PROVO -- Reports that the United States is seeing its hottest summer on record and local drought conditions are keeping people like Stan Roberts, Provo River Water commissioner, on alert.

Water in the lower Provo River has receded in the past three weeks as the area hits the middle of the critical water use time of summer, with people using the water for recreation and property owners using it for irrigation. But according to Roberts, while it looks low, so far so good. "We're trying to operate the river so we won't have a fish kill. There is not a concern right now and we feel we can maintain the water levels."

Roberts said because last year was such an abundant year for water and high-mountain snow pack, the Provo River is still doing OK. But water officials say the state needs good high-mountain snow packs and water this winter or next year may bring new issues to deal with.

Greg Beckstrom, Provo deputy public works director, said Provo city has limited influence on the river but is monitoring it.

"There are very few if any problems other than a couple of isolated areas of dead fish which also happens during high water years," he said.

While Provo public works is monitoring the river, it is typically more concerned about flood control. However, it also would be charged with cleaning up any dead fish.

"So far there has been enough water to keep the oxygen levels up for the fish," Roberts said. "July and August are the critical months. Come September we get a rain or two that usually makes a difference. Growing season is behind us then too. Only apples still need the water."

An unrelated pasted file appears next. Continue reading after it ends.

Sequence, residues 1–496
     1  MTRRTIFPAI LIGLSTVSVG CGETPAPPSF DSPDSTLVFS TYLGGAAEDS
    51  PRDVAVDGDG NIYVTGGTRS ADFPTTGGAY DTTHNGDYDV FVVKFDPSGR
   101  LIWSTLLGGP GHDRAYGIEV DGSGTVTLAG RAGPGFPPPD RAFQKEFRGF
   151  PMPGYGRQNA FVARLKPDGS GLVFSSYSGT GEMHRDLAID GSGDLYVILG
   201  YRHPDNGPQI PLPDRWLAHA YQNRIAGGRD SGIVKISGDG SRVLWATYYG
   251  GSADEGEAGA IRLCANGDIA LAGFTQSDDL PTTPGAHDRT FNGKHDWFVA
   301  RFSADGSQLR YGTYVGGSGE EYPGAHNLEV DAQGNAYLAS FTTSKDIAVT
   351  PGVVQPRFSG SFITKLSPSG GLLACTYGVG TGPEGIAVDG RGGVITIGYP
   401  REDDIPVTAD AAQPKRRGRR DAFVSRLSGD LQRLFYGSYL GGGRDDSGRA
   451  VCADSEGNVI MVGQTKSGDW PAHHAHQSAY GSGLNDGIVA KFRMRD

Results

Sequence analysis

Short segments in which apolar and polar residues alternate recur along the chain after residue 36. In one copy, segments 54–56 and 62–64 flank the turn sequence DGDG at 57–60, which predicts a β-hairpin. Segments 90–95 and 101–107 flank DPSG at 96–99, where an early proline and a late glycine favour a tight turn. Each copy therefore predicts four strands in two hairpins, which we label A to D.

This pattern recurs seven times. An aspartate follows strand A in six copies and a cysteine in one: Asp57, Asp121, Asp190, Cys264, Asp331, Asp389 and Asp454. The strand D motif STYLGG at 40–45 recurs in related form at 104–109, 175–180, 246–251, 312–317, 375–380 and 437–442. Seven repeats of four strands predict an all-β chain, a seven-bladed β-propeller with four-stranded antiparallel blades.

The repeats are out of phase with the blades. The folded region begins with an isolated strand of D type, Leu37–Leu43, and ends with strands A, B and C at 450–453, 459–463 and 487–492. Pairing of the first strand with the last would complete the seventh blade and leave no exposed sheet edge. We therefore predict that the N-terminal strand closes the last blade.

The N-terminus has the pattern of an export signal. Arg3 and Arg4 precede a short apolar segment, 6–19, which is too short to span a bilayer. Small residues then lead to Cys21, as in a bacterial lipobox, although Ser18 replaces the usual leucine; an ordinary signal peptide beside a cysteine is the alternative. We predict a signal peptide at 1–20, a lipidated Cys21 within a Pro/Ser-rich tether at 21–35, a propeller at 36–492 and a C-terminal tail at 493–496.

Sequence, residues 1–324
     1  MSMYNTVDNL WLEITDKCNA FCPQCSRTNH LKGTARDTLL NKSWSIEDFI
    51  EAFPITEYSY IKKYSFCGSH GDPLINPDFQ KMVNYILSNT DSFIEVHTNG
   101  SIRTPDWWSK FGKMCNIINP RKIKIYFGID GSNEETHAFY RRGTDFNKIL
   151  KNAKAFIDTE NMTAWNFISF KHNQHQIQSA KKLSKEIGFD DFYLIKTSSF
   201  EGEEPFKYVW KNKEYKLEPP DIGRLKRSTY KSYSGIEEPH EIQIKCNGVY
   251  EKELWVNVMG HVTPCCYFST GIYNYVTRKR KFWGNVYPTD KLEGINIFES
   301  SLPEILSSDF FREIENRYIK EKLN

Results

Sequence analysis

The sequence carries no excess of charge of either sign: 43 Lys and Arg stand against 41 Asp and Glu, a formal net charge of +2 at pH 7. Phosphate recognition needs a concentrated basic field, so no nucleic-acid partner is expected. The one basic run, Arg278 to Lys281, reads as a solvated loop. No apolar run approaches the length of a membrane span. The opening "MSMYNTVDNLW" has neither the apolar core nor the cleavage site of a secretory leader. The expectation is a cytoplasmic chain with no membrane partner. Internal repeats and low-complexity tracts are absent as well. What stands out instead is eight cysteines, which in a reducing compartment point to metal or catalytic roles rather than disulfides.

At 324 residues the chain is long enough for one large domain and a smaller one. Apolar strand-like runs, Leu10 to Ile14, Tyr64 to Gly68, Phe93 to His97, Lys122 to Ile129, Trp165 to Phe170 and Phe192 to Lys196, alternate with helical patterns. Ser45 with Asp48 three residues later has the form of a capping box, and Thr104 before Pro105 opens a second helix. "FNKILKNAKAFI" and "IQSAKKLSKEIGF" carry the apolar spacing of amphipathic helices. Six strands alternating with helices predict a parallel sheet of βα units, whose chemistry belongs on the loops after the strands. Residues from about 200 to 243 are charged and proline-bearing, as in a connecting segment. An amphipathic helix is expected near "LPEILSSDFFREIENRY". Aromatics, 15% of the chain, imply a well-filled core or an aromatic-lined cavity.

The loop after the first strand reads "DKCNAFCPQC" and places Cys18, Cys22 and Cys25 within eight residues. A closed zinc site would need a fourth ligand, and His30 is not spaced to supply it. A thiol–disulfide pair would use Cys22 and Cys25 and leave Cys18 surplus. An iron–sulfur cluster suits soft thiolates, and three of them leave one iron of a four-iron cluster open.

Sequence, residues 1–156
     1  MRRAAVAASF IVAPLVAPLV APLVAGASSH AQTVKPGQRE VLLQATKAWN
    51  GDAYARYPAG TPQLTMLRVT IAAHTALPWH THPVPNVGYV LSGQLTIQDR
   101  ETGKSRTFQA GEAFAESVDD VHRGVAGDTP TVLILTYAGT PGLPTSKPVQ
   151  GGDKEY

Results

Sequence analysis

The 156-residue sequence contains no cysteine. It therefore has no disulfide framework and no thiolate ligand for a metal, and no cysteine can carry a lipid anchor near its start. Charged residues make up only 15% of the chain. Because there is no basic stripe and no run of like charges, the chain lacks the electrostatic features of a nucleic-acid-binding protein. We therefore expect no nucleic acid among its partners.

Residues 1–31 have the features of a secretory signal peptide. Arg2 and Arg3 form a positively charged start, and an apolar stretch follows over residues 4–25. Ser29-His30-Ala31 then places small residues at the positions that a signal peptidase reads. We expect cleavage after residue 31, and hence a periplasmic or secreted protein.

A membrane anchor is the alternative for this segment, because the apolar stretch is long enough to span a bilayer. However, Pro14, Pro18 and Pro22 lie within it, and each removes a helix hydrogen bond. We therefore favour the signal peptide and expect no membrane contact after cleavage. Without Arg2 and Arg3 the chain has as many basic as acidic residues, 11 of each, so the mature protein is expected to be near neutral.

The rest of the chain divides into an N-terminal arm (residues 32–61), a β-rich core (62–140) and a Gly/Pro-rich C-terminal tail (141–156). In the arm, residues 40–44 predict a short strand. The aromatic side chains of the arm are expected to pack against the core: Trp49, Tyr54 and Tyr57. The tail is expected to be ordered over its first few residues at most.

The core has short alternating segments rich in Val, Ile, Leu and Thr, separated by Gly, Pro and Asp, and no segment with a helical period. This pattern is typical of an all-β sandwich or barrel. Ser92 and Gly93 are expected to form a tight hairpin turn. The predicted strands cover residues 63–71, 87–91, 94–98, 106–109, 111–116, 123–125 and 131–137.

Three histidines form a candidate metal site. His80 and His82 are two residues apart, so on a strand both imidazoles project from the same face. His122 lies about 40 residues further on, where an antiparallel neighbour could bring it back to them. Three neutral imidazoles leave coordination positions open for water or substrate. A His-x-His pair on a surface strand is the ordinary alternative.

Central Utah Water Conservancy District, which manages dams and reservoirs on the Provo River, is trying to preserve reservoir levels and keep the river level up for the fish.

"We are doing our best to prevent any fish kill," Central Utah Water Conservancy District spokeswoman Chris Finlinson said. "We feel like we'll be OK this year. We are trying not to waste any water and preserve as much as we can in the reservoir. We should be all right for this year."

Finlinson added, "We watch every day to evaluate where we are. Every year is unique." She added they are concerned about fish kill, particularly the endangered June sucker. The June Sucker Recovery Program owns water shares in the river.

"We have been using June sucker water the last three weeks and it has all been used. We are sweeping the corners now so to speak. We are making sure all fish in the Provo River have what they need," Finlinson said. "A few years ago we had low water and had a fish kill. We are trying real hard not to have that again."